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Sunday, 13 March 2011

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Exports flourish sans GSP Plus

There was a strange belief at one time that Sri Lanka's economy would be doomed if the European Union (EU) ceased the GSP Plus trade concessions for the country's exports.

The EU even attempted to link various internal affairs in Sri Lanka with the GSP Plus facility and exerted pressure on Sri Lanka to take several measures during the battle against terror.

However, the Government stood its ground and did not take any steps which would affect the battle against terror as well as Sri Lanka's sovereignty and territorial integrity. President Mahinda Rajapaksa vowed that he would never permit external forces to dictate terms and conditions and accept concessions as Sri Lanka's sovereignty and territorial integrity reigns supreme.

When the EU made a subtle attempt to paint a gloomy picture on Sri Lanka's economy, especially the garment industry, Opposition Leader Ranil Wickremesinghe went globe-trotting to Europe to tarnish the image of the country before the international community.

Though Wickremesinghe maintained that the aim of his tours to Europe was to restore the GSP Plus facility, as a matter of fact, he conducted a sinister campaign to humiliate Sri Lanka before the international community to gain petty political mileage.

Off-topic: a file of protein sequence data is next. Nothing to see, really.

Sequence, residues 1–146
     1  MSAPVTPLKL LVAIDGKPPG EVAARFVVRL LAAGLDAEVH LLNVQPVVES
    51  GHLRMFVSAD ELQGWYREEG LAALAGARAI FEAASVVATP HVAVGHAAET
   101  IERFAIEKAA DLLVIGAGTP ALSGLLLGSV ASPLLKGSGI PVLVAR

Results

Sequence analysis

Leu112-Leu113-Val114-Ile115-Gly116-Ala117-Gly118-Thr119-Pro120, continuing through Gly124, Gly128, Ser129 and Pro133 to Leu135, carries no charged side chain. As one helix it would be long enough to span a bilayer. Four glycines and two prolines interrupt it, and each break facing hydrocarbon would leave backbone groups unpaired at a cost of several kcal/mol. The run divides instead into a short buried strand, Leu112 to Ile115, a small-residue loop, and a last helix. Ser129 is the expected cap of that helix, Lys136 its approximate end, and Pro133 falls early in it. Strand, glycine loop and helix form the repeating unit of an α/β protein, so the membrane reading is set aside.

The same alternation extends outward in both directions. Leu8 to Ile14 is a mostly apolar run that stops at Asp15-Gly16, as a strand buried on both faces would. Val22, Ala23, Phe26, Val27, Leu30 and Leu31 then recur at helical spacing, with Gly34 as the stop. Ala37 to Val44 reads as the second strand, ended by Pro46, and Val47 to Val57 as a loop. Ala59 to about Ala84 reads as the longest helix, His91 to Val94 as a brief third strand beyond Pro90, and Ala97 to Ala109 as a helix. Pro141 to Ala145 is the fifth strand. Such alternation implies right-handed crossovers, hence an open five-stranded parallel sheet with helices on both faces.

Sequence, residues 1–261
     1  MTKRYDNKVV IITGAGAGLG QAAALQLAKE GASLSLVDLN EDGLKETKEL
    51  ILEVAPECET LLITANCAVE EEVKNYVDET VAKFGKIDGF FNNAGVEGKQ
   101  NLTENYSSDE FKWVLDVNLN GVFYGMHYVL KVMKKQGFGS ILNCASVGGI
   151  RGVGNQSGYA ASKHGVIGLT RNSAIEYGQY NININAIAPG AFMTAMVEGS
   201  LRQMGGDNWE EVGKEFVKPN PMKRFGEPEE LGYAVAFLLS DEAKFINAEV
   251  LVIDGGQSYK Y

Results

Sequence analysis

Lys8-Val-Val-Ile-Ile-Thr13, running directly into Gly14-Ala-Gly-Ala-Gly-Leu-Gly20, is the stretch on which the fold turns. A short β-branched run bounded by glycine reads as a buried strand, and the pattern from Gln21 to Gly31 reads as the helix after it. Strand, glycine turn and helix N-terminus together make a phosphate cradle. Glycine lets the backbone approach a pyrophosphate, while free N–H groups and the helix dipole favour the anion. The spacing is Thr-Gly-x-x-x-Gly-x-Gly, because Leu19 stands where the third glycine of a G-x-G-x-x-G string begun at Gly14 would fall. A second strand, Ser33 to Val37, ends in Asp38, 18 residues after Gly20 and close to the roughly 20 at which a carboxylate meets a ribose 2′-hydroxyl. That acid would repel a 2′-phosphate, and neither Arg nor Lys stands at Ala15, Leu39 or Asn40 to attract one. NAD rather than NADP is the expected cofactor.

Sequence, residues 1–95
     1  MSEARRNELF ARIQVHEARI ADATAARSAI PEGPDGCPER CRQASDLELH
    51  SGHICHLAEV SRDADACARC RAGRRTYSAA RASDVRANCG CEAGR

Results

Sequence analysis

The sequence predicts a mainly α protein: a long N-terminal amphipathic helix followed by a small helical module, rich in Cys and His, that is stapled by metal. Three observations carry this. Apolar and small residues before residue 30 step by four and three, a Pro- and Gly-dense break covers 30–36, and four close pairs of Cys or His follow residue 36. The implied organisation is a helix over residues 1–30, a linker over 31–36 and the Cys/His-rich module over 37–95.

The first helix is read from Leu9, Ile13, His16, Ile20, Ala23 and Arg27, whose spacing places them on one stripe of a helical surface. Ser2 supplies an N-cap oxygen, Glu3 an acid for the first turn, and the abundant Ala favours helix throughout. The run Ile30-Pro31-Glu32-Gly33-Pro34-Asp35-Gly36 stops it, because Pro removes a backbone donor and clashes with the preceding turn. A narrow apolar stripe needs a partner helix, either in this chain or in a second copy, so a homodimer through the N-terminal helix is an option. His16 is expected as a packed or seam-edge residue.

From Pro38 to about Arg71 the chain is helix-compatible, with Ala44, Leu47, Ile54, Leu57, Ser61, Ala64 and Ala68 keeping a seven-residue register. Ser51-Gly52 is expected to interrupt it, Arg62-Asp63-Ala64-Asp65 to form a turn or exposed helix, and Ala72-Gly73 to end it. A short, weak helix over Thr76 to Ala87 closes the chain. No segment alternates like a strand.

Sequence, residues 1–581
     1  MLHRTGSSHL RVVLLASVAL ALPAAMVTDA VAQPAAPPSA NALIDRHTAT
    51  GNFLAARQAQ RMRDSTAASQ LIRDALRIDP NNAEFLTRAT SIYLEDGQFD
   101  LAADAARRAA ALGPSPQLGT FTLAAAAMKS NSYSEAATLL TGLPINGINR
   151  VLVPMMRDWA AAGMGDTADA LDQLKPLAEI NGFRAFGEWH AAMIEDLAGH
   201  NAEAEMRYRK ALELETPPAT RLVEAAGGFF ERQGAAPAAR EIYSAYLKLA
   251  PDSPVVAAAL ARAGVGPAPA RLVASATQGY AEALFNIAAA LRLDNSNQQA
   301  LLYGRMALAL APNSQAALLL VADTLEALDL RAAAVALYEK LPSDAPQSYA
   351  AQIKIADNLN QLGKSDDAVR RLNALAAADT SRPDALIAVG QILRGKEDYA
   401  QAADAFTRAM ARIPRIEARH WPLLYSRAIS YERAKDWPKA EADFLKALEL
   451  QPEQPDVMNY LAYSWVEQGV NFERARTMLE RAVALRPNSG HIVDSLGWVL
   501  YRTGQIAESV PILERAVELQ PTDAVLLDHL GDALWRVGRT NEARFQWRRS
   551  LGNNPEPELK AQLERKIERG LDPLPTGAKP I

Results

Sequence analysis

Several other opportunist Opposition politicians and leaders of key NGOs which swallowed the bulk of foreign funding also worked 'tirelessly' to influence the EU and exert pressure to cease the GSP Plus facility offered to Sri Lanka.

Wickremesinghe and his so-called economic pundits projected a gloomy picture in the event the GSP Plus facility was discontinued and instilled an abominable fear in the minds of people that hundreds of thousands of jobs in the garment industry would be at stake due to the inefficiency of the Government.

The Opposition had no qualms in giving it a political twist notwithstanding the fact that the GSP Plus trade facility was merely a temporary trade concession granted to Sri Lanka and a few other countries severely affected due to the tsunami devastation. When the GSP Plus facility was granted in 2005, it was made explicitly clear that it was only a temporary facility granted for some Sri Lankan exports.

Regrettably, the EU and some INGOs attempted to intertwine the GSP Plus facility with human rights and other issues in a tendentious attempt to thwart Sri Lanka's courageous campaign against terrorism. The so-called champions of democracy and world leaders, who claimed to be battling against international terrorism, did not come to Sri Lanka's rescue at that crucial hour. Instead, they exerted pressure on Sri Lanka to abandon its battle against terror.

Thanks to President Rajapaksa's political fortitude and the unstinted support of Sri Lanka's friendly countries, the valiant Security Force beat all overwhelming odds to destroy the most ruthless terror outfit in the world.

Even at the time the Opposition and INGOs projected a dismal picture that Sri Lanka's garment industry would be unable to survive without the GSP Plus facility, President Rajapaksa stood resolute and had implicit faith in the quality of local garments and its comparative advantage to compete in the open market.